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Lethbridge Herald Newspaper Archives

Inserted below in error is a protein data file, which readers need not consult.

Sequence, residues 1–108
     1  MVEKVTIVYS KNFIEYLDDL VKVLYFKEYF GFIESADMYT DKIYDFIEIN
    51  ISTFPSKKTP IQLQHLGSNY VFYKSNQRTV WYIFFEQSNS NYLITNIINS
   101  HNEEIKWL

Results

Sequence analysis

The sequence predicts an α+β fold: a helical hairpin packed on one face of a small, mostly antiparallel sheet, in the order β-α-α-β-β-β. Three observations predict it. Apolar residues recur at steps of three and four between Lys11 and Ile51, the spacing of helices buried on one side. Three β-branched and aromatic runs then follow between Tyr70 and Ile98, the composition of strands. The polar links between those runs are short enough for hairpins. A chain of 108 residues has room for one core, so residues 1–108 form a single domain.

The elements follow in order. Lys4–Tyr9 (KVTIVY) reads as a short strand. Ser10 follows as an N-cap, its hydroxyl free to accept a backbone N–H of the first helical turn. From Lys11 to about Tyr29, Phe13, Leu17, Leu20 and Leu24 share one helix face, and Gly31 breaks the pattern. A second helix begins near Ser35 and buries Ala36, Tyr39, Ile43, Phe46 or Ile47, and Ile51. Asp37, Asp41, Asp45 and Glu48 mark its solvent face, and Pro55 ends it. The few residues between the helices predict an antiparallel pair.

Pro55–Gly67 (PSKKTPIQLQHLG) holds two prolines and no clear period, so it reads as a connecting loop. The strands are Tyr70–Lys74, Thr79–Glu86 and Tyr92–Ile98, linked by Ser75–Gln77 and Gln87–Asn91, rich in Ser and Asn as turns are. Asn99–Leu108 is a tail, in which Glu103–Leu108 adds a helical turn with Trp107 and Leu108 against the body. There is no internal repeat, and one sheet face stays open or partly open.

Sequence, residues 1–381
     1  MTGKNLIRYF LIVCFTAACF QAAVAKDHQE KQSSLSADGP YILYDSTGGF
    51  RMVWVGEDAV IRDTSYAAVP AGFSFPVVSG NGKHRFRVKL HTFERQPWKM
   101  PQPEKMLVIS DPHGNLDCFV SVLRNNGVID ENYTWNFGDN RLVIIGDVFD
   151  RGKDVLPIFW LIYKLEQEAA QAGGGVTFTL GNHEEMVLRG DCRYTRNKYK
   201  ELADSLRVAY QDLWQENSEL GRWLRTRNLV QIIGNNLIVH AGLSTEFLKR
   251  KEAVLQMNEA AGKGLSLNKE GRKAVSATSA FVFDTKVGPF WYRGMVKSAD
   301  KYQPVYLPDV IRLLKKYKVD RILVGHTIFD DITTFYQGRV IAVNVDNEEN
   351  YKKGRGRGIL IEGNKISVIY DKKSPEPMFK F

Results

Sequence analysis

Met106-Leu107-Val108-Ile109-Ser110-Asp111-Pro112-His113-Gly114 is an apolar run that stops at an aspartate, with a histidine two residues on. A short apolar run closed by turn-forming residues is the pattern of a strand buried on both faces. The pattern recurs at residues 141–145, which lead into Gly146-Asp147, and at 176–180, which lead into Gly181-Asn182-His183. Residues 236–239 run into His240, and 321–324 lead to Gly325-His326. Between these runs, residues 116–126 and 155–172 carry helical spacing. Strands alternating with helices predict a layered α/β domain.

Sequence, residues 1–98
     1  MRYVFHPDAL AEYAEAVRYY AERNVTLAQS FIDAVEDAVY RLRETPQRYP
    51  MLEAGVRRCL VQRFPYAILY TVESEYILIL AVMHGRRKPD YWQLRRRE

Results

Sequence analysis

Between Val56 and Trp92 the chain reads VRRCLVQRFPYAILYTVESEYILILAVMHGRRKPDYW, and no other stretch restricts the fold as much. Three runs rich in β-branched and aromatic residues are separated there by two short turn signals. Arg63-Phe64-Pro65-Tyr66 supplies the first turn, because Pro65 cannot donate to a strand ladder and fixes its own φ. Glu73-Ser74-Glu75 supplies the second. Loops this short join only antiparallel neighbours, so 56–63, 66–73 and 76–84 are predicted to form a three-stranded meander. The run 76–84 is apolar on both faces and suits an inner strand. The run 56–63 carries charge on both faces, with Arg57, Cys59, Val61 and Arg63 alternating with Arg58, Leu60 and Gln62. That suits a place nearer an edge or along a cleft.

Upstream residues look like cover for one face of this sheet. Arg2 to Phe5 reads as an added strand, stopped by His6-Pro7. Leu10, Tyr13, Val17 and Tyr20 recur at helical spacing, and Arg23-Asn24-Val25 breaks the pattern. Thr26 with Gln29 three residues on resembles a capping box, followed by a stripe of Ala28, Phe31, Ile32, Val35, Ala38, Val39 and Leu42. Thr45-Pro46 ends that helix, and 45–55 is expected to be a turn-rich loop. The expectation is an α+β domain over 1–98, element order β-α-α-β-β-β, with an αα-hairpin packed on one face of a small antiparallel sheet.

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Lethbridge Herald, The (Newspaper) - October 6, 1971, Lethbridge, Alberta John Bums Wedneidav, October Wt THE IfTHBRIDGI HERALD 5 American heart specia ist visits China 1JEKING One of Amcri- ca's most eminent doc- tors left the Chinese capital re- cently on his way home, much impressed with what he had seen of Chinese medicine but convinced that Chinese doctors should make one immediate re- form. "I told them that they smoke too said Dr. Paul Dud- ley While, the 85-year-old Bos- ton heart specialist who spent a good deal of time in the last days denying that lie came here to see Chairman Mao Tse- lung. The doctor arrived in China as a guest of the Chinese medi- cal 'association just before the Oct. 1 national day parade was mysteriously cancelled, setting off speculation that the 77-year old Mr. Mao might be seriously ill. Faced with a lack of evidence to support the speculation, some commentators seized on the visit of Dr. White, who was called in to treat a national leader once before, when Presi- dent Dwight Eisenhower had his heart attack in 1955. Dr. White was quick to deny that his visit had anything to do with the chairman, but when interviewed in his room at the Peking Hotel he was still receiving telephone calls from unconvinced newsmen around the world. Between calls, he found time to discuss the impressions he formed during a 12-day visit which took him and his wife Jna to a wide range of medical facilities in Canton and Peking. He was full of praise for the progress the Communists have made in tackling the immense health problems that confront- ed them when they came lo power in 1949. But he confessed that the heavy smoking was a disappointment. The habit is not strongly dis- couraged, perhaps because it afflicts even Mr. Mao, who can be seen with a cigarette in his hand in many of his official portraits. It is one of those lit- tle things that catches the eye of travelers in China, but it bothers few of them as much as Dr. While. "Frankly, I was surprised to find thai mosl of the doctors here not only smoke, but make light of he said. "1 lold them that more than one hundred thousand doctors in the United States have given it up." The Chinese, who like to soli- cit criticism from their guests, were doubllessly interested In the doctor's observation. And even if it discouraged them, they could lake heart in the fact lhat he found so little else at fault. Setting a hectic pace for a man of his age, he toured hos- pilals, clinics and medical schools, chatting with doctors, nurses and administrators, and even examining some patients. He came away much impress- ed. "You have to remember the enormous problems tiiey faced. From what we've seen, I would say Ihcy'vc done remarkably we'll." Like many visitors, Dr. White was most impressed with the efforts the Chinese have made in recent years to bring medi- cine lo the 80 per cent of their population. Before the Communist take- over there was little or no health care for Hie peasants. Now, they can call on Ihc ser- vices of skilled medical leams dispatched lo live and work among them, and on the Ihou- sands of semi-skilled "barcfool doctors" who have been Irain- cd lo treat minor ailments. In a commune outside Can- ton, Dr. White was able lo as- sess the results, raid his con- clusion was lhat the level of health among the peasants, once appallingly bad, is now rather good. "From what I saw, all the old scourges are under control. Hunger has been eliminalcd, and epidemics too." In some ways, Dr. While sees a lesson for the Uniled Slales in the decision of Hie Chinese lo concentrate their medical re- sources on solving the health problems of Iheir pooresl citi- zens. "On the face of it, their prob- lem is precisely Ihe reverse of ours: theirs is to bring medi- cal care to the great majority Greedy and ugly -Americans, too By Bruce Biossat, NEA service A VERY considerable num- ber of Americans are re- markably adept at hiding from themselves. To be blunt about it, they are highly self-centered and downright greedy. There really isn't anything new in this. A kind of gold- rush grabbing for every stray nugget has marked this coun- try from the fronlier days. It's just that the phenomenon has immense force today because there are so many more Amer- icans around. Travel the land and you'll hear and see the signs in abun- dance. A dentist told a woman the other day: "You'd be astonished at how many people with dying rela- tives come to me and ask whe- ther 1 can extract the gold fill- ings from their teeth after Ihey die." Drop into an antique shop and listen to the proprietor: "Young married women whose mothers are cither dying or are infirm and no longer alert come to me with valuable objects they have stolen, unob- served, from their mothers' homes. They want quick cash. If they get it, they often arc back soon with more things to sell." These are small but shocking examples of the "I want all I can get" syndrome deeply root- ed in this nation. Those who sludy the rampant thievery by iiie affluent put some of it down to thrill-seek- ing, and ascribe a lol more to simple greed. Many people are trying to steal Iheir way into a very nice standard of living. The incredible double plague of shoplifting and thefts by em- ployees has the same rool cause. The governing motive seems to be: "I am entilled lo live as well as the next fellow." Greed has, of course, a great array of quite legal outlets. Some corporations milk Iheir customers badly. Not loo much of that comes to light, unless the customer happens to be Ihe U.S. government. Overcharges on defense contracts arc a slory known lo us all. Labor unions, having found power al last in the 1930s, are not free of greedy impulse. They have their share of grasp- ing highbinders, though these types usually present their de- mands as mere efforts to "calch up'1 with the rest of the econ- omy. If anyone imagines this is strictly an industrial big city phenomenon, he ought to roam the countryside awhile. Want your trees pruned? Betlcr sel a money limit on what the prun- cr can do. Otherwise you may be looking at some pretty giddy figures. I know a fellow who gave the pruner free rein. He got a lot of firewood and a bill for The thing grades easily into "I want something for nothing." Don't leave anything lying about, out of your sight and control. II won'l be there long. That goes for your yard, your office desk, anywhere. A small matter, but quite symbolic: America's news- stands and magazine racks are besieged by poachers. The no- ble purchaser with cash in hand, can hardly break through the slrong forward wall of free readers "asserting their rights" at rack-side. Somewhat more unsetlling is Ihc news from federal author- ities thai many students who have obtained U.S. loans lo help finance Iheir education arc breaking faith and stopping re- payment of the money the mo- ment Iheir schooling ends. And then there are those chaps who get a free education at West Point or Annapolis, only to re- sign from the service before giving their country a day's worth of return. O.K., men, let's head on down lo the Sugar Bowl and catch up on your reading. Leave your wallets at home. You won't need them. FALL RE-OPENING SALE CONTINUES THURSDAY, FRIDAY and SATURDAY October 7, 8 and 9 Head Skis Lang Boots Rossignol Skis Rendale Sweaters UP TO ON LAST YEAR'S STOCK Spinnerin Humanic Ski Pants Boots LeTrapper Boots Dynamic Skis Tyrol Boots Pioneer Down Jackets CENTRf iiiiriiiiiiiiiiiiiiiiiiiiiiiii MIC And Many Other Brands Too Numerous To Mention. Hews 1287 3rd Ave. S. Phone 328-2828 of the population that lives in the countryside, while ours is lo bring il to the minority which lives in the poorer dis- tricts of our cities. But 1 think we can learn somclhing from their experience." Another of the distinctive fac- ets of Chinese medicine which fascinated Dr. White was tiie use of acupuncture, the tradi- tional needling technique which is applied to cure ailments and induce local anesthesia. He saw Ihc technique used, sometimes in conjunction with pain-killing drugs, in a number of operations. They included the removal of part of a diseased lung, the excision of a brain tumor, and the removal of an ovarian cyst. In every case Ihe patient re- mained conscious Ihroughoul and was able to talk to Ihe doc- tors. "I was intrigued, but not said Dr. White. "It certainly isn't just a figment of Lhe Chinese imagination, but there has to be more research before we can draw any con- clusions." The research should be done not only in China, where it is admitted lhal Ihe success of the technique remains very much a mystery, but in the United States too. "Of course, we might find that the Chinese have some special characteristic a stoicism, perhaps, an ability to endure pain which makes acupuncture more suitable for them than Americans. But we should lake a look at the thing and see.1' Dr. White also saw Chinese surgeons using the slandard western technique of total anes- thesia, for example in an open heart operation. His impression was that the surgeons techni- ques were "very much the same as and their skills "perhaps not wholly up to ours, but not far behind.1' Medical education was "at a remarkably high and was distinguished by the high percentage of girl students en- rolled. In the case of the Pe- king Medical College, they out- numbered the boys Iwo to one, a reversal ol the North Ameri- can pattern. "Medical education is much more equally divided between men and wTomen. I think that's good." About Ihc only field where Ihe Chinese are deficienl is re- search, and this could be ex- plained by the in re- cent years on practical work, particularly in the countryside. "There's a clear need for more research, but I gather they're pressing ahead with this now." A staunch advocate of vigor- ous physical activity, Dr. White impressed his Chinese hosts with his energy. A couple of young workers at the hotel, when told he was 85, marvelled al his ability to keep going, "just like a young man." The grcal rcspccl for him by the Chinese was not, however, entirely a matter of age. As a man who introduced the electrocardiogram to North America, helped found the Am- erican Heart Association and the National Heart Institute, and found time to sprain an ankle skiing at the age of 82. he had the professional respect of his hosts. One of the lasl meetings on his schedule was wilh Kuo Mo- Jo. Hie president of Ihe Chi- nese Academy of Sciences, who is himself 80 years old. In addi- tion to Ihe presidency of Ihe academy, Mr. Kuo is a mem- ber of the central committee of the Communist party and a vice chairman of the National People's Congress, China's Par- liament, which is scheduled to meet later this year. Dr. While took wilh him a message from the National Academy of Sciences in Wash- ington, which is anxious to re- new exchanges il had wilh Ihc Chinese academy before He wns told lhal Ihc Chi" ncsc are ready lo encourage friendship between profcs sional associations in Ihe two countries without, waiting for a broad settlement of Sino-Am- crican political differences. But he cautioned that, for the mo- ment at least, it would be bet- ter to delay any concrete steps until after the Peking visit of President Richard Nixon. It an intriguing inter- view, one which might havo lasted much more than I he. hour if. did if Dr. While had not had fo answer yet onothcr tolr- [ihone cvill, this lime from Tho livening News in "No. I know nolhing aboul lie said as this correspondent .slipped out of the door, "I've not met Chairman Mao nor any of tho other major politi- e.'il lenders. I've been told the. chairman is in good health and that's all I C.MI say (The Herald Peking Bureau) UQ Strike, indicates malaise in society liy Claude Ryan in Montreal I.c Devoir WHEN one considers the exlremc grav- ity of the strike taken by the unionized members of the Quebec Provin- cial Police, one cannot help but be struck by the enormous disproportion between Ihe nature of tire dispule over overtime pay and the possible repercussions of the work stoppage by the policemen. We know of no tragedy which can be directly attributed lo the policemen's strike. The work stoppage, however, Icfl such dangers hovering over Ihe people of Quebec thai we saw nothing thai could jus- tify it being prolonged. Some will see in ihc policemen's move such a serious breech of tire law and of Iheir oath that it must be followed by un- reserved censure and the most severe pen- alties. We prefer to sec In the police walkout a new manifestation of a profound malaise at Work in our society, a malaise before which no one, including political leaders, can claim to have no sin Suppose bolli parties (government ami policemen) decide lo harden Iheir pix'scnl positions, it will quickly lead to the issuing of an injunction or the enactment of emer- gency legislalion. In cither ca..c, we would be no further ahead lhan if the strikers decided of their Qwn accord lo rclurn In work immediately. If these Iwo mclhcds failed, there would be nothing left bill lo call hi the armed forces. To take recourse to Ihe armed forces three in tliree years would be too much. It would be the sign that this so- ciety is not only troubled but thai il is rapidly reaching the stage where il is no longer capable of governing itself. We refuse to believe that Quebec has reached Uiis point. It is up to the govern- ment and to the striking policemen to prove us right in the course ol the ncM. few hours. A loss Lo Toronto I The Toronto T has been evident for several years that the economics of daily newspa- per operation in Toronto could not indefi- nitely continue to support two aflernoon newspapers. The long, melancholy lisl of newspaper deaths in North American cities was bound to have another entry added from Toronto, where no newspaper had either folded or disappeared in a merger since the Globe absorbed the Mail and Empire 35 years ago. Since 1954, 31 newspapers have ceasod publication in the Uniled States, and today only eight metropolitan centres in the United Slales have more lhal two newspa- pers. Only five of Chicago, Wash- ington, Baltimore. Philadelphia and l-'ort Worth, Texas have both morning papers and competing afternoon papers. Fn Can- ada, two cities, Winnipeg and Ottawa, also have compeling afternoon bul Ihe Davey committee on the mass media found that in both places, the compctilion is much less lhan the full-lhrollle kind we have had in Toronto. Why the high mortality rate for news- papers? One cause is that ncwspapering is a very labor-intensive industry compared with the other mass media, and that some inflexible work practices have been built into the operation of most newspaper Daily Star plants. Another is thai Ihe electronic me- dia, and especially television since the early 1950s, have become slrong competi- Icrs for advertising revenues. Apart fi'on: these general causes, Ihe Telegram, once its circulation fell far be- hind The Star's, was inexorably caught in an economic bind of a type that has led to one-newspaper cities across the conti- nent. This process was analyzed at length in the Davey committee report, The essen- tials of it arc as follows: The smaller pa- per, if it tries lo compete in quality and range of services (as the Telegram didt, has staff and production costs comparable with the largest one. But it cannot achieve the same economics of scale; its papers cost more per copy to produce and distri- bute. To make revenues offset costs, it is forced to raise advertising rates lo a point where they arc higher for each copy of the paper sold than Ihe rates of its competitor. Tliis causes advertisers to move to the larger paper, and the smaller paper is faced with an evil choice. It can raise rates again, and drive away more advertisers; or it can economize at the expense of quality, and ultimately suffer a further loss of circulation and advertis- ing relative lo its competitor. This vicious circle leads eventually to financial col- lapse. The plight of rural states The Great Falls Tribune "THOUSANDS of American families who cherish rural living migrate annually to problem-plagued cities. They hate to move but find it necessary' because they can't make a decent living on small farms or find jobs in their towns. When they leave, rural communities suf- fer a crippling blow. Businesses fold, schools are weakened, services are re- duced and soon a farm town is decaying or dead. Technological advances thai reduce the need for farm labor have been responsible for much of the migratory movement. And, marginal farmers have found they can't make ends meet when they farm on a surall scale with expensive machinery and low grain prices. There has been a steady decline in the number of farms and an increase in the size of them. Authorities, who expecl this trend to continue, estimate Ihe number of farms in the nation will decline from about 3 million lo aboul 2.1 million by 19SO. The flight of rural families lo the cities has been especially conspicuous in Mon- tana and other Missouri River Basin states, Scores of rural communities in Montana have become virtual ghost towns in recent years. The same is true in the other basin states. The movement of rural families to the cities can be slowed and even slopped if the stales and especially Ihe federal gov- ernment will make the needed investment in the rural sections. Gus J. Karabatsos, chairman of the standing committee of the Missouri Basin Inter-Agency Commiltec, flunks it will cost about ?26.5 billion in the next 50 years to halt the migration. In a report at Kan- sas City recently, Karabatsos said the pro- jected total of billion would be con- tributed by federal and stale governments and private interests over the half cen- tury. That's a lot of money but it would he spread over 10 Missouri basin states Montana, Missouri, Kansas, Iowa, Ne- braska, Colorado, Wyoming, Minnesota and the two Dakotas. Tire federal government ought to view a program to revitalize the basin slates sympathetically. After all, a contribution of billion over 50 years to help save rural living in 10 states is peanuts compared with the ?130 billion the nation has poured down the drain in Vietnam in the last de- cade. ill-timed vole The Christian Science Monitor rPHE United Senate, we believe, is mor- ally wrong in voting to lift the ban on the import of chrome ore from Khodc- sia in defiance of a United Nations em- bargo. Us decision is all the more unfortunate in that it comes at a time when the Brit- ish Government is engaged in extremely delicate negotiations aimed at finding a formula for reconciliation with il.s rcbr-1 c.x-coloiiy, II is true tJial the sanctions by the Security Council in 1968 have failed in their purpose of bringing down Rho- desia's white minority regime. But they have probably hurl the Rhodesian economy more than Prime Minister Ian Smith would like lo admit Inevilably the Senate vote, which seems likely lo be confirmed by tlic House of Representatives, will be hailed as a major victory to Mr. Smith. It could cause him to toughen his stand in the negotiations with Britain. These talks can only succeed if Mr. Smith can be persuaded to agree to start his country on Ihc path toward majority (i.e.) black rule. If lie thinks he can ensure Rhodesia's survival otherwise, he will certainly nil. yield on this one all-important point. For to yield would mean agreeing to elimina- tion of the very raison d'etre of his regime. Now the U.S. Congress is in the process of encouraging him to hold out. Apparently (he Senate decision was in- fluenced by a powerful lobby representing American metal companies with mining in- terests in Rhodesia. This will only make it look all the worse in the eyes of the black African countrio.s which have long campaigned for tougher action against Mr. Smith's Khodcsia. Lilted nhat lie saw 11) Doug Walker 1 List reported on W. ,1. f.'iw. A couple of tunes recently when I Gamble of the Pentccoslal Tahcr- passed the church 1 again encountered him naclc he was indulging in a favorite lei- bu( ,he sujt mif] way to sure-lime activity: sidewalk superintend- ing. He logged quite a bit of time at it during the summer as Ihe addition lo Ihc ti.iircii was lakiiu; sh.'ipe. working clothes. The congregation had bel- ter keep a close eye on their the construction company mmcs off it Mr. Gamble must have liked what he. may take, tho now workman ;